Know Your Prospect. Targeting advertising is impossible unless you know exactly whom you want to sell to. “Another big mistake businesses and marketers make is when they try to speak to everybody at once. You need to know who your ideal prospect is, and of course, your business can have multiple categories of ideal prospects, but you need to know who the person is.” Spaulding says you need demographic traits, such as age, sex, whether or not they are married, and how much money they make, as well as psychographic traits such as their wants and desires, and what pain they are feeling that your business can solve, such as what actions they are taking because they don’t have your product or service.

Don’t Clown Around. Spaulding says businesses often lose sight of the fact that the goal of an advertisement is to get customers, not to be funny or clever. “People think the purpose is to act like a clown, trying to be funny or to be loud and obnoxious.” Spaulding says Super Bowl commercials are often aimed at entertaining rather than selling, and therefore probably don’t work very well. He views “brand building” skeptically because a small business needs an immediate return on its investment of advertising dollars, and cannot wait for “brand awareness” to translate into new customers.

Name recognition advertising serves to pump up the ego of the business running it, for a very large sum of money, he says, which is fine for a very large company with multimillion dollar advertising budgets. “But Joe’s Landscaping, a one-man shop, can’t afford to waste a dime,” Spaulding says. “If he creates any type of marketing or advertising, he needs to get a return on it, or see whether or not it’s working.”

Don’t Be Annoying. On the other end of the spectrum from ads designed to please viewers are ads seemingly designed to enrage them. Catchy jingles and screaming salespeople can make an ad memorable, but not in a good way. “When I see those ads where you have the obnoxious car salesman jumping up and down and shouting the same slogan over and over again, I immediately decide I will never buy a car from that dealership,” Spaulding says. “That’s not an ad. That’s just obnoxious. An add is offering something, catching my attention, building desire, and making some type of offer. You don’t need to be loud and obnoxious to do it. My guess is they could do a much better investment by creating more effective, much less obnoxious advertising.”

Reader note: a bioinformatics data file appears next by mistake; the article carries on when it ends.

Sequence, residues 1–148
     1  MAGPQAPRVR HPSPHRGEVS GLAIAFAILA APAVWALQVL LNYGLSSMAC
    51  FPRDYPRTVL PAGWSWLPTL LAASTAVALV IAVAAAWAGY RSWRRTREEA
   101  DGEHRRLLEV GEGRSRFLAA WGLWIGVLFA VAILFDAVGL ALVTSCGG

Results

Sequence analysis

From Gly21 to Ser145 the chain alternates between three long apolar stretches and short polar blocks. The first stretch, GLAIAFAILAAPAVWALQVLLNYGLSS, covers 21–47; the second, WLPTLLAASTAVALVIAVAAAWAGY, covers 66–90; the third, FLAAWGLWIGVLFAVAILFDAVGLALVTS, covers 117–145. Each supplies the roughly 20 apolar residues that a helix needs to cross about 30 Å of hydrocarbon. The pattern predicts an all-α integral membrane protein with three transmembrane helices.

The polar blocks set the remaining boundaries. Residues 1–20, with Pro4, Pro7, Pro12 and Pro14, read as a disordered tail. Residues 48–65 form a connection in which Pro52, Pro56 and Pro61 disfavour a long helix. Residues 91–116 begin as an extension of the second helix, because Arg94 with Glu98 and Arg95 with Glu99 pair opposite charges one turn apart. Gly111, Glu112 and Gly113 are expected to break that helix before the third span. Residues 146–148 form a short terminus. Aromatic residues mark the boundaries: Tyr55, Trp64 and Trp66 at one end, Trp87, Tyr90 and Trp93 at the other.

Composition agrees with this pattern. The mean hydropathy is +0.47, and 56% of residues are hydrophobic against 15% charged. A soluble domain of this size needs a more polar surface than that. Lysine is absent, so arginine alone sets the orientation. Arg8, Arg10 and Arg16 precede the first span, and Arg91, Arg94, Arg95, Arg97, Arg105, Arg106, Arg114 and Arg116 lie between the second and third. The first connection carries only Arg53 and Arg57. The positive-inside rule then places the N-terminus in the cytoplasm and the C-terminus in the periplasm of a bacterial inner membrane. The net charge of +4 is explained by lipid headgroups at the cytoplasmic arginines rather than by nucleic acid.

Spaulding likes to note when advertisements work on him. When he had his first child, he received a letter in the mail from a company offering cord blood banking — saving cord blood containing stem cells for future medical use by the child. Spaulding liked the idea, and has done it for all three of his children. It was an exceptionally well targeted offer.

He’s also saved a few ads from dentists, specifically the ones that offer discounted services such as a $99 cleaning and X-ray, or whitening for $149. Those, he says, are likely to get clients coming in the door. Others, such as the ones touting the credentials of the dentist, are not as good.

Spaulding says any business can use marketing to improve its sales, even those that rely on word-of-mouth. “For any business to succeed, it’s important to understand marketing,” he says. “I see way too many businesses that think marketing won’t work for them. Too many businesses rely on referrals or word of mouth as a sole source. While referrals are great, if they dry up, and you don’t know how to generate leads through marketing or advertising, you’re going to be in trouble. It’s critical for businesses to learn how to market effectively, and that comes down to fundamental old school marketing techniques.”